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This tutorial explains the features and benefits of a Web format called RSS, and gives a brief technical overview of it.
It also includes information on a similar format called Atom.
First of all, explore your content management system - it might already have an option to generate an RSS feed.
If that option isn’t available, you have a number of choices; For more information about all of these options, see “Feed Tools” and “More Information”.
RSS 1.0 stands for “RDF Site Summary.” This flavor of RSS incorporates , a Web standard for metadata.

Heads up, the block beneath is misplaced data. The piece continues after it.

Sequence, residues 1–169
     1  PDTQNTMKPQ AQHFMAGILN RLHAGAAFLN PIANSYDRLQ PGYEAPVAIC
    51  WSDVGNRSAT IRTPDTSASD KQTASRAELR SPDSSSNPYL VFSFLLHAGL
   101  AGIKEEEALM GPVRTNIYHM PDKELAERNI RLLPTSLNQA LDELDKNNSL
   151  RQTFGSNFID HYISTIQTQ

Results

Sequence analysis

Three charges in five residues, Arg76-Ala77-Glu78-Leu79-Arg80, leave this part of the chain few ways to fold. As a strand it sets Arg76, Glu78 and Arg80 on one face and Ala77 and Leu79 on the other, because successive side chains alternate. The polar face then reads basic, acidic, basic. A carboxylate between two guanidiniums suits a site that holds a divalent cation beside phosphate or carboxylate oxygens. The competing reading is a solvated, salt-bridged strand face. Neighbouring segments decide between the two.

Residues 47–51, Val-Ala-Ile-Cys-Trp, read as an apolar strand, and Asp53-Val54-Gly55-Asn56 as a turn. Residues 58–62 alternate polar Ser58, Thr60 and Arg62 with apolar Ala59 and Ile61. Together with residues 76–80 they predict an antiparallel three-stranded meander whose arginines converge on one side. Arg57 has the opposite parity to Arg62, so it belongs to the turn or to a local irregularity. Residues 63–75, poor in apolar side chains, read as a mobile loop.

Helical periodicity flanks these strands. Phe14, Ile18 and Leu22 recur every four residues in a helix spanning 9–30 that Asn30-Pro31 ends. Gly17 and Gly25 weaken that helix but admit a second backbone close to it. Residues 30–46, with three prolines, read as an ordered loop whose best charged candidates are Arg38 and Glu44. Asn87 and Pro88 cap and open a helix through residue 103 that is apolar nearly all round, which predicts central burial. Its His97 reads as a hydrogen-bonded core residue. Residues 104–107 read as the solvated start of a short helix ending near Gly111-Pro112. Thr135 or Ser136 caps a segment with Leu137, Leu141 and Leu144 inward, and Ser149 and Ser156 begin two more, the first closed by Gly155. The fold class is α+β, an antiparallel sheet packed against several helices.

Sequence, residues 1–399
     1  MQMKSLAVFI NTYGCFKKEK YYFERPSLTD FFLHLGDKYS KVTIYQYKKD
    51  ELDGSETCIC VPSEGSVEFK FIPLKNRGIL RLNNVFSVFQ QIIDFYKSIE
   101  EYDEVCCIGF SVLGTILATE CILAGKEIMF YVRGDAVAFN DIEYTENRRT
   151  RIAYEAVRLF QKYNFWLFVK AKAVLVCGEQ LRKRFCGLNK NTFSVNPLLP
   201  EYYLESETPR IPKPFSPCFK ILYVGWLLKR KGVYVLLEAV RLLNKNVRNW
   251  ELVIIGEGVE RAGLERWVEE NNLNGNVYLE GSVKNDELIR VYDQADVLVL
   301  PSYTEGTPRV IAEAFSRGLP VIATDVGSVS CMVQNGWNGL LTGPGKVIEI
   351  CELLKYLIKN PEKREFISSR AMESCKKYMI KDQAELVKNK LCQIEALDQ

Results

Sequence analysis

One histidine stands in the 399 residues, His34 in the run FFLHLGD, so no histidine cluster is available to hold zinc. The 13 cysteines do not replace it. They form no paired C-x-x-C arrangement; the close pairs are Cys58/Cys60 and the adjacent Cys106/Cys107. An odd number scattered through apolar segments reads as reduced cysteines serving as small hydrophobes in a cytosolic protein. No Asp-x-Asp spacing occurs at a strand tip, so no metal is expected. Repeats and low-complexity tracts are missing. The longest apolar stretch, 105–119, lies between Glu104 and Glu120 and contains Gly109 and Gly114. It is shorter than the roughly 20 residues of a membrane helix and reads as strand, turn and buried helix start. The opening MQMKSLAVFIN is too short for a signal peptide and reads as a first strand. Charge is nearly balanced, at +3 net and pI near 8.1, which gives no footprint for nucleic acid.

Because RSS 1.0 uses RDF, any RDF processor can understand RSS without knowing anything about it in particular.
The reader is assumed to have some familiarity with XML and other Web technologies.
Some people are concerned by this, because such specifications can be changed at the whim of the people who control it.
There are a number of different versions of the RSS format in use today, but the main choices are RSS 1.0 and RSS 2.0.
Each version has its benefits and drawbacks; RSS 2.0 is known for its simplicity, while RSS 1.0 is more extensible and fully specified.
Although it has a different name, it has the same basic functions as RSS, and many people use the term “RSS” to refer to RSS or Atom syndication.
This section presents a quick overview of each; for more information, see their specifications and supporting materials. In this version, RSS stands for “Really Simple Syndication,” and simplicity is its focus.